Always A Great Day On The Bay

At work

Griff Bell, Owner, South River Boat Rentals, Edgewater

July 19, 2009|By Nancy Jones-Bonbrest | Nancy Jones-Bonbrest,Special to The Sun

AGE: 34

SALARY: $150,000


How he got started: : While still in high school, Griff Bell took a summer job working for a sailboat rental company near Annapolis. He grew up along the South River, boating with his family, and it was the perfect job as well as one he could keep once he began attending college at Frostburg State University. In his sophomore year, he had an opportunity to buy the business, which at the time had four sailboats. He ran the business during his summers off from school.

After he graduated with a bachelor's degree in business, he continued to run the company but also worked as a real estate agent for three years until the boat business began making a profit. It has since grown to a fleet of 22 sailboats and powerboats. Five years ago he added another business, a charter management company called Chesapeake Yacht Charters.

Typical day: : Located in the Gingerville Yachting Center on the South River, the boat rental company offers half-day, full-day and multi-day rentals. The boats must stay in the Chesapeake Bay and its tributaries, and must be docked or anchored before dark. Chesapeake Yacht Charters offers large yachts that can stay out overnight and are typically rented for a week at a time.

Bell runs the daily operation of the business, which has five full-time employees and 20 captains working on an as-needed basis, from mid-March to mid-November.

He arrives at 8:30 a.m. On weekends during peak season, he says he'll often see 200 people in one day. When boats return at 6 p.m., they need to be cleaned and readied for rentals the next morning.

The business is open seven days a week, and it's not uncommon for Bell to put in long hours and work throughout the weekend.

"You have to love it," he said.

The boats range in size from a 21-foot powerboat to a 37-foot sailboat and can accommodate up to 12 people.

Bell is often in the office checking customers in and out, answering phone inquiries and e-mails, taking reservations and marketing the business. He stays active in the Annapolis boating industry, participating on several boards, including serving as president of the Marine Charter Industry Association.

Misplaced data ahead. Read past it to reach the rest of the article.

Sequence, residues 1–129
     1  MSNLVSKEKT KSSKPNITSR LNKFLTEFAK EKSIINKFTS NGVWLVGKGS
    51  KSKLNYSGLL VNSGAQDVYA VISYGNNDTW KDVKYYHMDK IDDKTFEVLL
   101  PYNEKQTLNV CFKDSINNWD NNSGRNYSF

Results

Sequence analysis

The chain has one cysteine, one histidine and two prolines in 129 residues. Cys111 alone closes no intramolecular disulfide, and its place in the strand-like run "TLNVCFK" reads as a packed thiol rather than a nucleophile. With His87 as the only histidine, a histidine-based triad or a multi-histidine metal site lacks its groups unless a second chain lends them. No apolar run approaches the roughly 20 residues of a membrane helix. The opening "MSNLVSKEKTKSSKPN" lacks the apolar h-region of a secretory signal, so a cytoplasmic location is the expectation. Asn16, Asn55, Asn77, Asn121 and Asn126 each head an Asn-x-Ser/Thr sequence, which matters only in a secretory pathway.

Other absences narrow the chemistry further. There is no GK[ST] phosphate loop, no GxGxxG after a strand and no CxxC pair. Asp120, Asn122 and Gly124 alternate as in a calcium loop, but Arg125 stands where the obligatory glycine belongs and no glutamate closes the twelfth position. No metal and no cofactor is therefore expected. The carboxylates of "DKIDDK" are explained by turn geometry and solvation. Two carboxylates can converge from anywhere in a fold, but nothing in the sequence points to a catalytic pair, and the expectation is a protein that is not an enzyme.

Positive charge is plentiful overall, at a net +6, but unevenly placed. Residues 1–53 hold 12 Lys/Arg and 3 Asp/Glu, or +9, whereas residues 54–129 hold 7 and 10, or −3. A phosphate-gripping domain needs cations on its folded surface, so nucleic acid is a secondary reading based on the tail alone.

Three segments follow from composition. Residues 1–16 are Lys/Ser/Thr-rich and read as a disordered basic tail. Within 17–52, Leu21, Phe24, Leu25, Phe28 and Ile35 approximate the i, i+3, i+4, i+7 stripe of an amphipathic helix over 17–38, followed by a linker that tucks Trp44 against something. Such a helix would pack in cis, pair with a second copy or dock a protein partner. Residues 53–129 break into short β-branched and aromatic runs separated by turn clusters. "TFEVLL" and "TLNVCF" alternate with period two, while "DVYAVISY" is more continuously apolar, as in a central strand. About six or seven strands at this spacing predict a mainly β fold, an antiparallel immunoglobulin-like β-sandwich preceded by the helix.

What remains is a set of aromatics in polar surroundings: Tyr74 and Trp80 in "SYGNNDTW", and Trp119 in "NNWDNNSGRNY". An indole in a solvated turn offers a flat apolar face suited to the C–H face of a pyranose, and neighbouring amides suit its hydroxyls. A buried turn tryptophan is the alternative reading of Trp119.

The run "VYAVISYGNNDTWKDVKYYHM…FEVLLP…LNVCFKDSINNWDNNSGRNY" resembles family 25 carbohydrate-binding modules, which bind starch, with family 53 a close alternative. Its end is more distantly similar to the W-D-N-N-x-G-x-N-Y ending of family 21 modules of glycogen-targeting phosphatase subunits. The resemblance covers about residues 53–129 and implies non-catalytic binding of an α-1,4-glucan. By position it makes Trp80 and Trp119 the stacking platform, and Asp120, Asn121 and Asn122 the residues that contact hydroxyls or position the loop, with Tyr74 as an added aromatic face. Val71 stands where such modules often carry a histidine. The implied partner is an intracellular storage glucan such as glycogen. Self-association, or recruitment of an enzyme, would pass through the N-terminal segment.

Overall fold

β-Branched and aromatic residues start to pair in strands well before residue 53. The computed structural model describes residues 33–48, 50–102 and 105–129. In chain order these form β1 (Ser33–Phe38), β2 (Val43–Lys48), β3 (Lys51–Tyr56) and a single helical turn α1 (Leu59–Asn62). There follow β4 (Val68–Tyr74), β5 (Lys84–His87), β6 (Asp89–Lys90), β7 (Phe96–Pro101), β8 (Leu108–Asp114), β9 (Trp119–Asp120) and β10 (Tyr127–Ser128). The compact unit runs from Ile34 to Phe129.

During the winter months, he takes time off but still markets the company and prepares for the coming season.

Customers: : Bell said he enjoys 70 percent repeat business and customers run the gamut. He sees many ex-boat owners who enjoy being able to spend time boating instead of on maintenance. "I see a lot more people who don't want the headache of owning a boat," Bell said.

Experience: : For an additional fee, captains are available. To take a boat out without a captain, a customer must submit prior boating experience and go through a checkout process with a captain. If that captain doesn't feel the boater is qualified, the boat isn't released.

Most common mistake: : Running aground. Two chase boats are available for people who need help, and Bell is on call 24 hours a day.

"Every year when I think I've seen it all, I see something new."

The good: : He gets to work around boats and the water, two things he loves. But he said he also likes seeing people relax and enjoy themselves on the water.

The bad: : "Extremely long hours and pretty high stress," Bell said. "There are a lot of boats out there, and you're responsible for their well-being."

Philosophy on the job: : "Safety first, great customer service and a fun time," Bell said. "It's always a great day on the Chesapeake Bay."

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